We Don’t Buy the CBL’s $45.5M Printing Argument for Two Cents.


The House of Representatives took its time from January to March this year to deliberate on the merits of the CBL’s latest printing request. And, as might have been expected, their depth of scrutiny of the matter before passage appears to be ankle-deep at best. Now is the Senate’s turn to weigh in and we have some observations that we hope they will take into account.

1. Why “a new family of notes?” Don’t tell us Mr. Weah wants to waste all that money pulling an S.K.D., just to get his face on a banknote. We agree the legacy bills are dirty and tattered. That is why the CBL printed newer ones – let’s call them 2nd Generation (Gen. 2) – between 2016 and 2019. The point there was to keep printing until they had fully replaced the older notes. What purpose would it serve to replace the new with the newer and thus waste all the money we have already spent? Where is the IMF when we need them to speak truth to power? Haven’t they been pushing the CBL to cut costs for the last three plus years? What happened?

2. Does CBL expect counterfeiters to retire once this project concludes? The Bank claims a new design “with stronger security features” will stop duplication. Since when? We’ve got news for Mr. Tarlue: Criminals will criminal, criminally. You have lived and worked in the US and should know about those yellow pens they use in supermarkets to authenticate green backs. Teach the public how to tell a good note from a dupe.  

To be fair, the public was initially frustrated with the 2nd Generation L$10s and L$500s, both blue, being easily mistaken one for the other, so there was talk of redesigning those. But Liberian people are not stupid. Those who lost L$500 once, remembered to check the next time. Then, they spread the word and we all got used to it. Quickly. Similarly, the US Dollar is our original legal tender and we have long been used to all its denominations being the same color. So, spare us with that drivel about a new design. Keep the latest currency and let’s move forward, because…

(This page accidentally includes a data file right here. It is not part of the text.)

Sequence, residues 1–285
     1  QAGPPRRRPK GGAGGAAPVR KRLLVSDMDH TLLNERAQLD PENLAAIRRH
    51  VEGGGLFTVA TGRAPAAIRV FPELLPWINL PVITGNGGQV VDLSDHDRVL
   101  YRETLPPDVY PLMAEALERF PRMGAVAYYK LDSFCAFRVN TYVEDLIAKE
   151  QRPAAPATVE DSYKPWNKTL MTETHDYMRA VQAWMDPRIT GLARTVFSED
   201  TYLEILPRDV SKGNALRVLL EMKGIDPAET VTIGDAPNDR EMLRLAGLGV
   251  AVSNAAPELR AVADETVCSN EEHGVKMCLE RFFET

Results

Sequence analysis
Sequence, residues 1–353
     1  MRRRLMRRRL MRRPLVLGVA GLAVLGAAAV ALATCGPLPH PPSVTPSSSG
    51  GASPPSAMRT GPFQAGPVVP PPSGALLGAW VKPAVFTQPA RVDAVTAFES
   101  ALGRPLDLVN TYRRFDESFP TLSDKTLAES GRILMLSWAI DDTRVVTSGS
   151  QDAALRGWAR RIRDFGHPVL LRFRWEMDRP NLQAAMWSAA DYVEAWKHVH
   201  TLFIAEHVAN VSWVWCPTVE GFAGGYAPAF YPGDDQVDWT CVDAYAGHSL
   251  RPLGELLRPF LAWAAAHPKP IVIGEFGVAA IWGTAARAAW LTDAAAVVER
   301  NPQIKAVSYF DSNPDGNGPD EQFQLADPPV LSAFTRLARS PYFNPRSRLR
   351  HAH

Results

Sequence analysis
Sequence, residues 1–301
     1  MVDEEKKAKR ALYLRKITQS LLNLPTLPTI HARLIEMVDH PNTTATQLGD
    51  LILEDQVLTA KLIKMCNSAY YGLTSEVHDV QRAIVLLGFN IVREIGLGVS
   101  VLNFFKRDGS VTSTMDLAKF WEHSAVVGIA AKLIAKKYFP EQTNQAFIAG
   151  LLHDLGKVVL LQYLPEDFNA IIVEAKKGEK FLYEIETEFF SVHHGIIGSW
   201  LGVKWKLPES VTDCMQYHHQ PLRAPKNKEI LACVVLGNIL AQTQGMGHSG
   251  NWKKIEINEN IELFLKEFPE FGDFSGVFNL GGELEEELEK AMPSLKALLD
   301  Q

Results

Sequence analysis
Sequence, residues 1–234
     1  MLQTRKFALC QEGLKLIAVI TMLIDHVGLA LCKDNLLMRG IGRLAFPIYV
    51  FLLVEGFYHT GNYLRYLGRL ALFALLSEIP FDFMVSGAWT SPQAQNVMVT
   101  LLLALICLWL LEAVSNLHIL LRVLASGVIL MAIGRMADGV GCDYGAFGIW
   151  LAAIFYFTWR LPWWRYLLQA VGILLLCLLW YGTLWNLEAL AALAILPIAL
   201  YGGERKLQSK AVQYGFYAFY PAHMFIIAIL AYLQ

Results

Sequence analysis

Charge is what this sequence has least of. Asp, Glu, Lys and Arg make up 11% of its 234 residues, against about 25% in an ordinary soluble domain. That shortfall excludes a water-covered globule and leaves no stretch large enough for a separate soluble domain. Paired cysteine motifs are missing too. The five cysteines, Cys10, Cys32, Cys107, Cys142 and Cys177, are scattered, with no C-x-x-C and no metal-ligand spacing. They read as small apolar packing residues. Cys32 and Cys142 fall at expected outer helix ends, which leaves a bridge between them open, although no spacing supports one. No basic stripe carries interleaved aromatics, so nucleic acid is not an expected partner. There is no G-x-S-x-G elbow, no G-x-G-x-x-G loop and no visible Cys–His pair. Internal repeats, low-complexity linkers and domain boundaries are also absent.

3. It has been FIVE YEARS since we began this currency replacement process. The point was to print in installments because resources were tight. Now the CBL wants to make this a NINE-YEAR sojourn, at least. Yes, our count is accurate. While the Bank intends to conclude this by 2023, we recall that it took several months to complete design for the 2nd Generation notes. So, we don’t expect to see the 3rd Generation off the press until December or January 2022, at the earliest. Especially given the slow speed at which the Legislature tends to make its most urgent decisions. And, while we wait for the full L$48.733 billion to manifest…

4. Our old ma them will be checking which money to fold in their lappas on what day. Remember when the CBL released L$5 billion of the 2nd Generation banknotes in 2016? With both versions circulating at the same time, Gen. 2 rendering the Gen. 1 undesirable. Foreign exchange bureaus began assigning each family of notes a different exchange rate. Put a third generation of notes in the mix and a similar monetary policy crisis is sure to ensue. And yes, the public will eventually get used to the situation and the multiple exchange rates will reconverge. But what will remain damaged is their perception of the CBL’ competency, because…

5. The value of the Liberian Dollar is just a litmus test for the public’s perception about the institutions that govern our economy – not just their perception of the banking system, as Finance Minister Samuel Tweah earlier suggested. When foreign politicians, economists and financiers refer to “low confidence” in our currency, that’s just a diplomatic way of saying our Government cannot manage our economy, either due to incompetence, corruption, or both.  

6. Speaking of incompetence and corruption, if President Weah wants to raise the value of the currency, he can start by shedding the dead weight in his Cabinet and across Government. Let’s start with his having appointed a novice to head the CBL. Weah needs to fix that by April 2021, which is when Milton Weeks’ uncompleted five-year term ends. Prosecuting Mr. Tweah and all the other functionaries involved in the US$25 million mop up that went awry would also be much cheaper and a far more effective means of restoring public confidence.